First off, I know you are all going to be like, “Why do you need a tent on top of your car that costs over a thousand dollars, when you can put one on the ground.”
I will tell you why, and when its all said and done, you will agree with me. If you don’t, enjoy being miserable.
- I tend to like to move place to place, check out different areas different days. Having a tent on the car (or trailer) makes it super easy to stop, deploy, sleep.
- All my stuff is in there! there is a great 2″ memory foam mattress already in the tent. With that, I leave both sleeping bags, or blankets when used, thermarest pillows for resting.
- VERY fast deployment and packing. I timed it. Under 4 minutes from stopping the car, to being able to sleep. Sure that doesn’t count opening all 4 windows and stuff, but when its raining or nasty out and all you want to do is sleep after a long day on the trails, its a very very nice thing. I can pack it up by myself in about 10 minutes. I haven’t really timed it all that much, so I cannot give you an exact time.
- Space saver
- Im sure you will be like, “Oh, but it takes up all that space on your roof!”. I designed this rack to specifically take the tent, and also give me a Yakima Load warrior (without extension) worth of storage on the front. I couldn’t get a Baja rack or frontrunner to fit without alot of bracket making and stuff, so I just had one made. It still holds a good bit of gear forward of the tent, and looks amazing (Mad max anyone?)
- No more crap inside the car. I effectively eliminated a host of things that I Used to have to carry. Tent, Extended vestibule (when carrying the larger 6 person) two sleeping bags (quite large when rolled up and put in the back of a Subaru Outback, or Forester for that matter), Air Mattress (because I’m not a backpacker, so screw that whole pad thing) and pump, batteries for pump (can’t use 12v because not always next to the car!) as well as stakes, guy lines, etc etc. Its a rather large amount of gear, that I no longer have to load up in the precious cargo area of the outback. If it was a larger vehicle like an FJ or a Land Cruiser, I cannot say that it would be a worry. But after about 20-25 nights this year out camping, it makes a huge difference in what other gear I can bring (camera, video etc) Or just not have that much crap in the car.
- This alone is the main reason that caused me to swap to a roof top tent. I was ground camping when it came a storm. A massive storm. Tent did fine, wasn’t really an issue. However, it is the aftermath that people never think about. When you have to pack up that sopping wet ground tent and fly, in a bag, and put it into your car, then 8-12 hours later open it back up and deploy it….it is MISERABLE.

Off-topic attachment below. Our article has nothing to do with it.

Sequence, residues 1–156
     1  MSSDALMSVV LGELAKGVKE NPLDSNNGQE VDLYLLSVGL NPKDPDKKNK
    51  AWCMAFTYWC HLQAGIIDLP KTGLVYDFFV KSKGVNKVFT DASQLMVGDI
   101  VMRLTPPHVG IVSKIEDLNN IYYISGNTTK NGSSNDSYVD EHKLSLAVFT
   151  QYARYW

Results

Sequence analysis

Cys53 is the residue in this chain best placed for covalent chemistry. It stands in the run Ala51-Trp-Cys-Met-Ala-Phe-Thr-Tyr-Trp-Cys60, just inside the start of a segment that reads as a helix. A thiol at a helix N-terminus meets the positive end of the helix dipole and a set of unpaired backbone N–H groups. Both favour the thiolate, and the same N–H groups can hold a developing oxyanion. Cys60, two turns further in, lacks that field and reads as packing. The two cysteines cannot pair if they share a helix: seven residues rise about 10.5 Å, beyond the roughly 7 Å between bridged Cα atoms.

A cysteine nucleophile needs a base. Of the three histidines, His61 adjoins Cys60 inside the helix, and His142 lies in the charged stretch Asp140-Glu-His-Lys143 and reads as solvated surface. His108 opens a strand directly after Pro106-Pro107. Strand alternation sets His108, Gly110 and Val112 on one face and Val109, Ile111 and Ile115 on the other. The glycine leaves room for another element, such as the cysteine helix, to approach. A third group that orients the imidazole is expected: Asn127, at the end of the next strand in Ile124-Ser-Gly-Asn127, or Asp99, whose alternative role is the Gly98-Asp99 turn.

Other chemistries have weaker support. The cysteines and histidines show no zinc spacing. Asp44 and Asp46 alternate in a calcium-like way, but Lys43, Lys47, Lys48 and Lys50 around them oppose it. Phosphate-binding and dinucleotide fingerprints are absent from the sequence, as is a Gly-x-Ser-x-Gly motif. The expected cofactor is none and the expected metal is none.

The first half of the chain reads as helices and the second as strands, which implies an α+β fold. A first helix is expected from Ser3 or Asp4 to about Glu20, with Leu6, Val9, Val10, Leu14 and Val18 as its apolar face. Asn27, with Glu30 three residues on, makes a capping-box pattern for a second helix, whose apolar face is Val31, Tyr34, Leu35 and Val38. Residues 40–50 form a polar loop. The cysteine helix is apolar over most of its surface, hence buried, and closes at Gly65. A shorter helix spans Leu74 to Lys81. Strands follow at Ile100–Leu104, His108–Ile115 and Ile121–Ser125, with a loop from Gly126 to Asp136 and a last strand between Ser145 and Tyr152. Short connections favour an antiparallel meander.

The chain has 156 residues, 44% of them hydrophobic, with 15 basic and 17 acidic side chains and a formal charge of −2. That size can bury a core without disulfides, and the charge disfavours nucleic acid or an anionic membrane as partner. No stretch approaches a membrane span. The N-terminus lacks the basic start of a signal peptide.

- With this tent (tested and verified) I deployed in the pouring rain, the next morning, while still raining, folded it all up, packed it up (with all the bedding inside still of course minimizing my time in the rain rolling up bags, and crap) and went on our way. That evening, when I deployed the tent…….dry. Everything inside was dry. The shell was still damp of course, but the inside was totally dry. I could climb in and get to my melodic snoring that my better half loves for sure.
Now we get to the meat and potatoes (say like hobbit guy and it means more) of this. What is the actual install like?
It comes to you via freight, and very big.
Be very careful unpacking it. It can fall over if you aren’t careful, and you can cut into things as well if you aren’t watching what you are doing.
The next part is to lay everything out and figure out whats going on. If you are putting it on your car so it flips out to the side, you will put your cross rails on like I did. If you are having it open to the rear or front, then you need to just put them the other way, and trim them. When all else fails, the arrangement of attaching that doesn’t have you cut things, is the way you want to flip it over to the side.
From there, its just a matter of attaching the ladder. The instructions weren’t perfect, so It took a few minutes to make sure how the arrangement was. It will be swapped out with quick release pins soon enough anyways.
The boring stuff is pretty much done. Now it is just a matter of figuring out how to get it up on the car. Being noone was around, and the lumberjack that I am, I simply threw it on top of the car.
Ok. Lets be real, I struggled, let out cries of strength that didn’t really do much, and eventually muscled it up. It isn’t that it is really HEAVY. It is just a hair over 100 lbs, but it is just AWKWARD to lift. The width is JUST too wide to get a good hold on it, so you have to hold it kinda like a diamond and it just makes it hard. The time after this, I grabbed a fellow resident of the area to help.
Once you have it up there, just slide in the bolts and small slides, and then bolt it down as required for your configuration!
I love it when a plan comes together.
The skylights are perhaps the best part of the tent. While not great in fall when there is alot of condensation. Summer months it will be great. These panels also have mesh for bugs, and a cover that keeps everything out of the same material of the tent. It was amazingly nice at Mid Atlantic Overland Festival.
I will also be doing a video for you guys shortly, So Many things, So little time!
For more information contact Tepui Tents and let them know Grant from Offroad Subaru sent you. They may be even nicer than they already are!